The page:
Evernote, now with over 100 million users and some 16,000 businesses paying to use its document sharing, note-taking and organising platform, is today turning on a few new features that add more interactivity and potentially time spent on the platform: Work Chat, an improved Presentation mode; and Context, a feature that suggests content from other parts of the web that may be relevant to whatever you happen to be working on in Evernote.
The three were originally introduced earlier this year during the company’s EC4 conference and they are now going by way of an app update. While Work Chat will be available to all Evernote users on all platforms (after the quiet launch of Work Chat for Windows last week), Context and Presentation are somewhat more narrow, limited to Premium, paying users, and initially just on Mac and iOS.
(Note: Previously Work Chat was only available via Evernote‘s website/direct download or via the web client. Now the updates are being rolled out via the Mac App store and Google Play store. You don’t have to go hunting around EN’s site to get the update.)
They come on the heels of a recent Penultimate update, and they precede the launch a new product called Scannable, which is scheduled to be coming out soon and will let users scan and share documents more easily.
While a lot of Evernote up to now has been about how people can use the product to help their own personal organisation and note-taking, the introduction of the business tier in 2012 has been pushing Evernote’s credibility as an enterprise product, used not just for a employee’s own notes but as a platform for collaborating with others. In that sense, Work Chat is something of a no-brainer, expanding that concept with a feature that has become almost a given in many other enterprise platforms — sharing notes as well Evernote Notebooks in chats.
The idea is that Work Chat is a seamless way to start conversations with people while you are working in Evernote, not unlike, say, chatting with people while collaborating in a Google document, “without ever having to leave your workspace to send an email or jump into another app”. However, there seems to be a fine line between “simple” and “too easy to make a mistake” — for example, with some early users complaining that they have inadvertently started chats with coworkers when they haven’t intended to.
Will this eventually lead to updates that actually make it a bit less easy to share? Right now it seems to be more intentional than accidental. “Having an ambient knowledge of what your teammates are working on makes your team more open and connected,” the company writes. “It also makes starting a conversation with anyone super simple—all you need to do is click or tap on the person’s image to launch a new chat.”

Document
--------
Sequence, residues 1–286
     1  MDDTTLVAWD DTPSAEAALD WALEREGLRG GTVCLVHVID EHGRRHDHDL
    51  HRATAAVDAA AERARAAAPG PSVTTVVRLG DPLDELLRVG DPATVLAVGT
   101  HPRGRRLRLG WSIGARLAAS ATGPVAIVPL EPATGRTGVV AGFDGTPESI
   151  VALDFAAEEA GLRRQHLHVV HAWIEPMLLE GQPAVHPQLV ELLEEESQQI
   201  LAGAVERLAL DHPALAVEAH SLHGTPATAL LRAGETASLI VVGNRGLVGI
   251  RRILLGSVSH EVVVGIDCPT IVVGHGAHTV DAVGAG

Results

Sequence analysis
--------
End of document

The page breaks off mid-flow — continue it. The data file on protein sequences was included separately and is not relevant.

Presentation Mode, meanwhile, is Evernote’s attempt to rethink Microsoft Power Point, with the idea that the work you put into Notes is more easily translated now into presentation formats, cutting down on some of the time that you had spent in the past simply importing data. “Our view is that it should take you about as long to put together the perfect presentation as it takes for your team to arrive to the meeting,” the company notes.
If Work Chat is about communicating, and Presentation is about laying out your ideas to others, Context is about looking outside of Evernote’s walled garden to bring in content from elsewhere to help inform and shape whatever else you are working on. As I wrote in the past, to me Context is perhaps one of the more interesting of Evernote’s updates.
Like Work Chat, the aim of Context is to make it less likely that you need to jump out of Evernote to do something. But it’s also an interesting use of the same machine learning that Evernote uses to help surface relevant documents to users within the app itself — indeed Context is developed on the company’s older Related Notes feature — and is also an example of how Evernote’s ambition is to be more than just a storehouse for your own ideas, but potentially a dynamic notebook for where you can do all your work.
For me, one of my more regular uses of Evernote is as a place to collect links for things that I want to read later, alongside notes to myself explaining why something has caught my eye (otherwise I move on and potentially forget). Would Evernote tapping into this and making it easier for me to do this mean I potentially use Evernote as my web browser, or Flipboard or Twitter replacement? For now, not yet, since the publications that are feeding into Context is still fairly limited (they include the WSJ and TechCrunch among others). But it points to one potential way the product could develop in the future.